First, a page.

.hex file last few lines are irregular

This isn't an error but is something I wonder what caused it. The following are the last few lines of a compiled project. As you can see, the first line is for address 2DD0, nice 16-byte aligned.
Then the next line only has 14 bytes. Then the lines have 16 bytes again but not 16-byte aligned. Then the last data line has the 2 bytes! Then the file ends. So what caused the partial line with 14 bytes and can I not have partial lines like zero padding incomplete line (last line)?

I examined a number of .hex files and most of them have incomplete lines followed by complete 16-byte lines. Is this some sort of "partition"? All of the .hex I examined have NO bootloaders, in case you wonder. The bootloader is just slapped onto the rest of the code so there's a break in address.


The file format is called Intel HEX. It has different line length.

Have a look at the Wikipedia page description.

I've noticed that myself. I don't understand what causes the toolchain to put anomalously short lines in like that either. But it does, and it's valid intel hex (though I did once encounter something that would only work when the size of the pages was a multiple of the number of bytes in every line; but we were using a tool that processed the hex files and output them with all lines of equal length anyway)

There isn't even any break in the data or anything there, the next line then starts 2 bytes earlier.

I suspect it happens where two "sections" meet, but don't know for sure.

Different address start different lines in the intel HEX format. The first bytes tell the receiver where to place the date in memory. What is at those address in processor dependent.

The file format is called Intel HEX. It has different line length.

Have a look at the Wikipedia page description.

Intel HEX - Wikipedia

Thank you for pointing out the file format and what each line means. We all know that, which was NOT my question.


Very short projects such as blink won't have this issue. I too suspect that there are sections in the code. For now, I'm doing this by hand, which isn't too bad. The misalignment happens at the very end and isn't hard to hand align. Later I'll write a Python script to align it automatically. A lazy way would be to upload the .hex and download it back with avrdude :wink:

I bet I have to chop off the trailing FF bytes but it's gonna be aligned. My main goal is to program AVR with ESP32 so this is only a side goal. If I do find out what caused it or even how to fix it, I'll post back.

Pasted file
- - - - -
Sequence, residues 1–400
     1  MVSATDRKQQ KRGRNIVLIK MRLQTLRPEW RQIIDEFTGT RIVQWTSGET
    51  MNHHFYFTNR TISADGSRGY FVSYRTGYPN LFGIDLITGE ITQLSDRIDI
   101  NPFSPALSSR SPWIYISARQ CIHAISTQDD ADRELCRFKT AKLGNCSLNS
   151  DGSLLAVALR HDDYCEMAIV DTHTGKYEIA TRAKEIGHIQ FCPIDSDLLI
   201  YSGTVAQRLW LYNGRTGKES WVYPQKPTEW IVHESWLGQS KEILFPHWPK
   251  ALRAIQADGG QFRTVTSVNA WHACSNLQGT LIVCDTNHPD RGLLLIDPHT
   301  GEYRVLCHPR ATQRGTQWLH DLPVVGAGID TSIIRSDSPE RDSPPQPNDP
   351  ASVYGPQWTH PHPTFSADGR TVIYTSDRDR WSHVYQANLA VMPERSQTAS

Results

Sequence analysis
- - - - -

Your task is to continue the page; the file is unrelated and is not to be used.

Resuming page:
Why do you want it to be aligned?

At least in the situation where I needed it aligned, there was a particular bootloader (chipboot - not what I would have picked - but I wasn't the one making that decision, I was just making it work on a different part :-P) where you could literally open a serial console, and copy/paste the hex into it.... but, if the boundary between lines didn't line up with memory page boundaries, everything collapsed

To make a simple uploader function, without the need to understand Intel .hex format. I strip all extras away and only keep the ASCII-binary and convert to binary.

From what the doc says, you can load anywhere to the buffer between 0x00 and 0x63 in word address in any order. Then you can write the buffer to any address with the write program page command, is that correct? Say I want it to write a few sparse bytes in the buffer (not worried about the rest) and then write the buffer to 0xbeef (assuming it has that much memory), it would work, correct?

Actually I don't know how flashing works. Without a chip erase command you can only change 1 to 0. Then if you mess up grouping partial lines you may be writing to the same address in two consecutive page writes and the second write just OR to the first write where the two writes overlap?

We all know that, which was NOT my question.

Sorry about that. I try not to assume what someone knows.

I too suspect that there are sections in the code.

You could have a look into the map file. There should be a section where you can see what is placed in memory, its size and from what file the code or data comes from as well as fill information. Simply search for the address in the new line after an incomplete line in your hex file. For your example 2DEE.

Maybe you can spot a pattern there. I found two cases (just picked some random projects) and there was a linker stub at the end of the standard library objects at the address where the hex file alignment stopped. The map file at the address looked like this

.glue_7 0x0000df54 0x0
.glue_7 0x0000df54 0x0 linker stubs

So, the linker is probably finished adding all the objects from your code and the standard library and therefore finishes the line and then another process in the linker adds some extra stuff to the hex file.

Great! Thanks Klaus_K. I've never looked into the map file. I'll see if I can find any information there. Meanwhile I'll probably write a Python script to render Intel .hex into raw with padding. It's too much work to do this in C/C++.

The erasing when self programming (ie, through bootloader vs isp programming is different. ISP only has chip erase, self programming only does page erases

I don't know the answer relating to Arduino, but the short/long lines in an executable load file has been the case for and many decades as I can remember. I think it has to do with the inclusion of pre-compiled code into your program.